The government maintained law enforcement efforts. The Crimes Act of 1961, as amended, criminalized sex trafficking and labor trafficking. Section 98D (trafficking in persons) criminalized all forms of labor trafficking and some forms of sex trafficking and prescribed penalties of up to 20 years’ imprisonment, a fine not exceeding 500,000 New Zealand dollars ($337,150), or both; these penalties were sufficiently stringent and, with respect to sex trafficking, commensurate with the penalties prescribed for other serious crimes, such as rape. Inconsistent with international law, Section 98D required a demonstration of deception or coercion to constitute a child sex trafficking offense, and therefore did not criminalize all forms of child sex trafficking. The government reported initiating a process to amend this provision, which could strengthen the government’s ability to effectively investigate the sex trafficking of children. However, Section 98AA criminalized all forms of child sex trafficking under its “dealing in persons” provision and prescribed penalties of up 14 years’ imprisonment, which were sufficiently stringent and commensurate with the penalties prescribed for other serious crimes, such as rape. The government sometimes utilized Sections 20 and 21 of the Prostitution Reform Act (PRA), which criminalized the facilitating, assisting, causing, or encouraging a child to provide commercial sex, in addition to receiving earnings from commercial sex acts provided by a child. The PRA prescribed a maximum penalty of seven years’ imprisonment for the sex trafficking of children.
During the reporting period, the government initiated investigations for eight potential cases of trafficking, did not initiate any new prosecutions, and convicted two traffickers; this was compared with two investigations, five trafficking-related prosecutions, and eight trafficking-related convictions in the previous reporting period. The government primarily focused its efforts on investigating potential cases of forced labor and approached sex trafficking via labor law enforcement measures, rather than pursuing sex trafficking cases as criminal violations. In a case initially investigated in 2018, a court convicted an offender under the trafficking statute in March 2020, for exploiting 13 Samoan victims in forced labor; as of the end of the reporting period, sentencing was scheduled for July 2020. The government convicted a New Zealand man engaged in child sex tourism overseas and sentenced him to six years and six months’ imprisonment. Two offenders convicted during the previous reporting period were sentenced to four years and five months’ and two years and six months’ imprisonment in May 2019. In November 2019, after serving a third of their nine-and-a-half-year sentence, a parole board authorized the release of a trafficker convicted in 2016 for exploiting 15 victims in forced labor. The government also reported that in 2019 the New Zealand Customs Child Exploitation Operations Team arrested and prosecuted 16 offenders for border offenses relating to the sexual exploitation of children; however, it was not clear how many of these involved trafficking.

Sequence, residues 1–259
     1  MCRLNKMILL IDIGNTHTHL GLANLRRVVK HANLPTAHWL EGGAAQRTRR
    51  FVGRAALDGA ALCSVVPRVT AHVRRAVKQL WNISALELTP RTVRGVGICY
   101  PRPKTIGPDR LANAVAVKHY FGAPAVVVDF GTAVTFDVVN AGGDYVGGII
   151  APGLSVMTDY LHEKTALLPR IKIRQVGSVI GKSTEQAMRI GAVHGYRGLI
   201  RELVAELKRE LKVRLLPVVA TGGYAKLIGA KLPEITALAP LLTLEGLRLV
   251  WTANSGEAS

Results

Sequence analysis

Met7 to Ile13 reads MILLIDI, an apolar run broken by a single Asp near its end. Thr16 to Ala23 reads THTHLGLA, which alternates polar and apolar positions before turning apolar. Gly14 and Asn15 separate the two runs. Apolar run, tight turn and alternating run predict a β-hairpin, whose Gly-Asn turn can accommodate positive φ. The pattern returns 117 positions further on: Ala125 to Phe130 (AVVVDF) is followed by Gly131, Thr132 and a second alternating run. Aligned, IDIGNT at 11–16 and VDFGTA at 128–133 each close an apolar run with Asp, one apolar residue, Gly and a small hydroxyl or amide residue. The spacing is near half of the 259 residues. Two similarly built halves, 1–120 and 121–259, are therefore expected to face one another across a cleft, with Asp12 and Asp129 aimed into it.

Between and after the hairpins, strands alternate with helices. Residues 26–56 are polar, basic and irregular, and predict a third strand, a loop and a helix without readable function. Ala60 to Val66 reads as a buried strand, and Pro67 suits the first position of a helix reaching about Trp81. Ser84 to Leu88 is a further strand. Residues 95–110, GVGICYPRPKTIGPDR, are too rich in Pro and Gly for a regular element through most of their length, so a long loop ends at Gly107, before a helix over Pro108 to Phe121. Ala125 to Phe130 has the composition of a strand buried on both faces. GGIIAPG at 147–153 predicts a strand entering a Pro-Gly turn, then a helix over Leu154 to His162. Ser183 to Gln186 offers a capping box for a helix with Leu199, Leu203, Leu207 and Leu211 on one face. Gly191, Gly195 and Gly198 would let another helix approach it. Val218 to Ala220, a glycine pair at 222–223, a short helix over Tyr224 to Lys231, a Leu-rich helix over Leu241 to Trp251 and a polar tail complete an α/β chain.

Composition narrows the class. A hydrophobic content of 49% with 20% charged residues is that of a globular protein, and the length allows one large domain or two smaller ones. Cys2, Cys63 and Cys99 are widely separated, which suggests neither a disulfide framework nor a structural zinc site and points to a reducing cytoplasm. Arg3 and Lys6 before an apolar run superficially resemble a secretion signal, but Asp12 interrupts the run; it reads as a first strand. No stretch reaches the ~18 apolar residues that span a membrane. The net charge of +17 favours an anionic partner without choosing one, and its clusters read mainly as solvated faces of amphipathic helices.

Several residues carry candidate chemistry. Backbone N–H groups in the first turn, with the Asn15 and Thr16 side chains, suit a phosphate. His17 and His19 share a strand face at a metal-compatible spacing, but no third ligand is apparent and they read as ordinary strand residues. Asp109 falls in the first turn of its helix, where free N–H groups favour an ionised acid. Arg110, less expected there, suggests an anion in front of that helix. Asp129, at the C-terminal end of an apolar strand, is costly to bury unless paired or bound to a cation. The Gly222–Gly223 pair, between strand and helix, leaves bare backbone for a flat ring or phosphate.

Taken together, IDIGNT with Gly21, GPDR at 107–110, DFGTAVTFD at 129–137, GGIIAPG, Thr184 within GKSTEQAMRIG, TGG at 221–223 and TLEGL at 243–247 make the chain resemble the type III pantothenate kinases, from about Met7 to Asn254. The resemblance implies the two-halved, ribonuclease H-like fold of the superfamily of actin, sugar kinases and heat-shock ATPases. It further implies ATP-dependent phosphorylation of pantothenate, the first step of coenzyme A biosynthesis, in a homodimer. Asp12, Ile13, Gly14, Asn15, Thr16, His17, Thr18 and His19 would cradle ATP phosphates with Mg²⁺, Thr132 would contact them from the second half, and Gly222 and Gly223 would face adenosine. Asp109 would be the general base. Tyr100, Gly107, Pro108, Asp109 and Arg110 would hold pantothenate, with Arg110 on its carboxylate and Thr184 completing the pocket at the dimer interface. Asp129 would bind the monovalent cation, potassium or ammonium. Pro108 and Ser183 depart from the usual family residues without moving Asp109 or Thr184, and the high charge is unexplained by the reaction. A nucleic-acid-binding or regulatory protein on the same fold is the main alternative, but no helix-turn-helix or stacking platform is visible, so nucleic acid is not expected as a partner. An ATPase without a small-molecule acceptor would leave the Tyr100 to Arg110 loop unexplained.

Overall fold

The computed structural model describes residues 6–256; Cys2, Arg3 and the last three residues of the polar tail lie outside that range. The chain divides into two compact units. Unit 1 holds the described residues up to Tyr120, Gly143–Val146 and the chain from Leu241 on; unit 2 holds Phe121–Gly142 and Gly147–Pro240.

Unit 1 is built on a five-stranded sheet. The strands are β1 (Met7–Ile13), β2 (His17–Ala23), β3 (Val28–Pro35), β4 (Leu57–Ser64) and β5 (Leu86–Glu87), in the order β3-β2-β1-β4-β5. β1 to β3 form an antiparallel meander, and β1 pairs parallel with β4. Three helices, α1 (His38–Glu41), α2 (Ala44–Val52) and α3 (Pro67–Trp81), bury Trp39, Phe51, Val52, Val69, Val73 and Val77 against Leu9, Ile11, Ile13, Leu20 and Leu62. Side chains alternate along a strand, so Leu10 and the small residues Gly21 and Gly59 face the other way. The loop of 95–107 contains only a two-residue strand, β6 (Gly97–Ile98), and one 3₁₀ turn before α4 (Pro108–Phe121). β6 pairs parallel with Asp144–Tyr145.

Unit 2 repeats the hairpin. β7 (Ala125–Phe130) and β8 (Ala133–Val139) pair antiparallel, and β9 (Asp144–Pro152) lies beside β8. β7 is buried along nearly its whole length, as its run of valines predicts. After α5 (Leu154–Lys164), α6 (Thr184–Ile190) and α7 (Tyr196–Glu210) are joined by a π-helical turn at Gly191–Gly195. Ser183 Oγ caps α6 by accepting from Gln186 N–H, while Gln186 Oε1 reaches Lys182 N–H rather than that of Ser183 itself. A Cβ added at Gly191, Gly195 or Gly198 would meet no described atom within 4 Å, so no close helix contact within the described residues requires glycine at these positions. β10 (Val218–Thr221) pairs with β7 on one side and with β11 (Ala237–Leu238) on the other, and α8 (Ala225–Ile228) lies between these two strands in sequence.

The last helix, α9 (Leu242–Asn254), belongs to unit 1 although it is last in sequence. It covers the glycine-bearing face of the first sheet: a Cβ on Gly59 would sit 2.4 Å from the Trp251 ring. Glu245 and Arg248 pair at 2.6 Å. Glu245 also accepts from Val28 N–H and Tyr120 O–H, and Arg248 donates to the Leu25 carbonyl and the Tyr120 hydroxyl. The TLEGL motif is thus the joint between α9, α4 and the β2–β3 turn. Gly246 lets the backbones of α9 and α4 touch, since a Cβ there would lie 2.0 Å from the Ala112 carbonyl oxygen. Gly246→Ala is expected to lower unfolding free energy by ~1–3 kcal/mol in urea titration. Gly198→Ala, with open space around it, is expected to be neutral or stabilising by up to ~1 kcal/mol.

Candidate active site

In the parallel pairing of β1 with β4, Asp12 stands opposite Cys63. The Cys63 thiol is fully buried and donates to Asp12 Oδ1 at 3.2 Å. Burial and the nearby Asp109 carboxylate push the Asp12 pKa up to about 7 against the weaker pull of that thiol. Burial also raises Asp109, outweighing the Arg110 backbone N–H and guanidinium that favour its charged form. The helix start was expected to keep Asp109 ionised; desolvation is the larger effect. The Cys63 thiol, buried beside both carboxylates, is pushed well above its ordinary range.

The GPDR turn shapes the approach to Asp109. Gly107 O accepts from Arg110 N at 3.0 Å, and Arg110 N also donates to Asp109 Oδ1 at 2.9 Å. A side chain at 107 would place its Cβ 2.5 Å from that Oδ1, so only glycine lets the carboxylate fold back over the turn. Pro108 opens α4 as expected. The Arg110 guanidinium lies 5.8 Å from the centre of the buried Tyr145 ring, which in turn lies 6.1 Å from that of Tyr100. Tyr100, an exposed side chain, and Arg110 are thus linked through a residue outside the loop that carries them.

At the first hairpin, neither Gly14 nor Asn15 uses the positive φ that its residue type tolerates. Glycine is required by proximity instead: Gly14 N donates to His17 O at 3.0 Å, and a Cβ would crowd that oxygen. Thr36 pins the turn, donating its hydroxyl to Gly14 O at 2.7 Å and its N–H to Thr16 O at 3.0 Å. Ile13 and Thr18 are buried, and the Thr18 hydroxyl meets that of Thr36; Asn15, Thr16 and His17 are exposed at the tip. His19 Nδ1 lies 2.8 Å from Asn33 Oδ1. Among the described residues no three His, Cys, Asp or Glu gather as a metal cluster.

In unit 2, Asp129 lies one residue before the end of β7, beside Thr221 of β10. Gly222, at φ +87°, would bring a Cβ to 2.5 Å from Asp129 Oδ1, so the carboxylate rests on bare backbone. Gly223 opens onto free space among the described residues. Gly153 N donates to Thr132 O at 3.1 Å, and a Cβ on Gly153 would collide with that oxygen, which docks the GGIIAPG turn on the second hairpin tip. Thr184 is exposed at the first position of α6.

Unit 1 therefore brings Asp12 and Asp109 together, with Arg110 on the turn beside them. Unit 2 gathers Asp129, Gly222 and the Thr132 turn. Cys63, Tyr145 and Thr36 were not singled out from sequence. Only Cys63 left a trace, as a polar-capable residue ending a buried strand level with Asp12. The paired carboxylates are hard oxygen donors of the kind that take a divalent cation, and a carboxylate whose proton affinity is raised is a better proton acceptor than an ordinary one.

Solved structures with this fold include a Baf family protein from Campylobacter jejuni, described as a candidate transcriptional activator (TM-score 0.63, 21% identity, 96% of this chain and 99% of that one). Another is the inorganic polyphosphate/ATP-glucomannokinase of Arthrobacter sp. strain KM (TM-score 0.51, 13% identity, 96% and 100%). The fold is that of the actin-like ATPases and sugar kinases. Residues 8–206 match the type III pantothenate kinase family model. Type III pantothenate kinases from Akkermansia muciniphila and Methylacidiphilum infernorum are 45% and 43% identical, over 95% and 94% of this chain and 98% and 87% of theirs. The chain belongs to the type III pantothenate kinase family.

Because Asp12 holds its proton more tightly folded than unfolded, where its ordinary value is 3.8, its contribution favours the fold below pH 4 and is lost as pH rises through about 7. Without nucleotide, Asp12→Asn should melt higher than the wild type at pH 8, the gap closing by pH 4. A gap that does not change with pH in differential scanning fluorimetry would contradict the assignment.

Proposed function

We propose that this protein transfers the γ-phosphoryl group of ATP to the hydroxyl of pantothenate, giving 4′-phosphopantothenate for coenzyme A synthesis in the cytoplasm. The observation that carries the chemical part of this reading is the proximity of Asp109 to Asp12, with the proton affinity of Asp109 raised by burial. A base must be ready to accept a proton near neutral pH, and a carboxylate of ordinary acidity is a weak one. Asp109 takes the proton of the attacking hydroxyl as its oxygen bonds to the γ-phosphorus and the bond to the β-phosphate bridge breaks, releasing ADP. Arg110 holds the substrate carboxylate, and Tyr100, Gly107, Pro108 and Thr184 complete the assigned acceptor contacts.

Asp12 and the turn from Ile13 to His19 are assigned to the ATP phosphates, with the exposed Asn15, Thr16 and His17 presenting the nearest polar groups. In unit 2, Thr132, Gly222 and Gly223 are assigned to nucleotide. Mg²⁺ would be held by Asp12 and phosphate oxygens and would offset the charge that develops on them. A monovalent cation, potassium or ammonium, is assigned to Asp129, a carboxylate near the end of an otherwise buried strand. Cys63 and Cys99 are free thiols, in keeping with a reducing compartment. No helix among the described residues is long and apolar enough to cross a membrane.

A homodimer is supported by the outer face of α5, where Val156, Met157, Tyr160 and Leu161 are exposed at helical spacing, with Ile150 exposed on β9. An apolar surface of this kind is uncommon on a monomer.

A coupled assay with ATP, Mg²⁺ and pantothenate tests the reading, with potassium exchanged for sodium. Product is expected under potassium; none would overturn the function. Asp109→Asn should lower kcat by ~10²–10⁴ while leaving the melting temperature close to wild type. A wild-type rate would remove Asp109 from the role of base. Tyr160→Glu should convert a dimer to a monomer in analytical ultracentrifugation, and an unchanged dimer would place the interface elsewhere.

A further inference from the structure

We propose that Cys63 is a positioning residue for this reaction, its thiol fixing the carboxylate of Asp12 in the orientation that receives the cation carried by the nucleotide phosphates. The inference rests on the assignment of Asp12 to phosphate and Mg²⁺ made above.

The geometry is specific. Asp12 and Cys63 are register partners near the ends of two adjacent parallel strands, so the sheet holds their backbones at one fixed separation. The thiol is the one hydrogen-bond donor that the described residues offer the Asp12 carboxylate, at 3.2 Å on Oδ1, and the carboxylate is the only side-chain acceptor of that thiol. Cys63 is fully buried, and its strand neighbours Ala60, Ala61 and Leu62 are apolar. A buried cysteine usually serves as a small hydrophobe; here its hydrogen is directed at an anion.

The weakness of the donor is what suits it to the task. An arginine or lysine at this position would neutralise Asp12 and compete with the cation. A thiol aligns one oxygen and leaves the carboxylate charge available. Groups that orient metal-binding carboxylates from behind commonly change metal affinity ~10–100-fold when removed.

In December 2019, the government formed an anti-trafficking operations group, composed of immigration authorities, police, and the children’s ministry, to increase law enforcement coordination. As in previous years, authorities continued to report a lack of sufficient resources, and a lack of understanding of trafficking among some front-line officers, as well as high evidentiary and procedural standards, which may have resulted in the prosecution of some potential traffickers under different statutes, including non-criminal labor violations. The labor inspectorate investigated forced labor complaints but worked mainly within the civil legal system, contributing to the lack of criminal prosecution of forced labor crimes. Immigration New Zealand’s (INZ) serious offences unit investigated trafficking cases but were limited to investigating only those cases in which immigration violations were also identified, and police did not report vigorously investigating perpetrators of domestic trafficking, including of those who exploit New Zealand children in sex trafficking. The Ministry of Business, Immigration, and Employment (MBIE) required immigration officers, labor inspectors, and other staff likely to work trafficking cases to complete an online training module on human trafficking. New Zealand Police (NZP) required anti-trafficking training for all detectives and included a trafficking and smuggling chapter in its police manual, and held a training workshop with INZ during the reporting period. Nonetheless, officials reported a lack of trafficking awareness among front line officers. MBIE reported it completed a training-needs assessment to design a specialist training program for border officers and investigators. The government did not report training prosecutors or judiciary officials. The government did not report any investigations, prosecutions, or convictions of government employees complicit in trafficking offenses.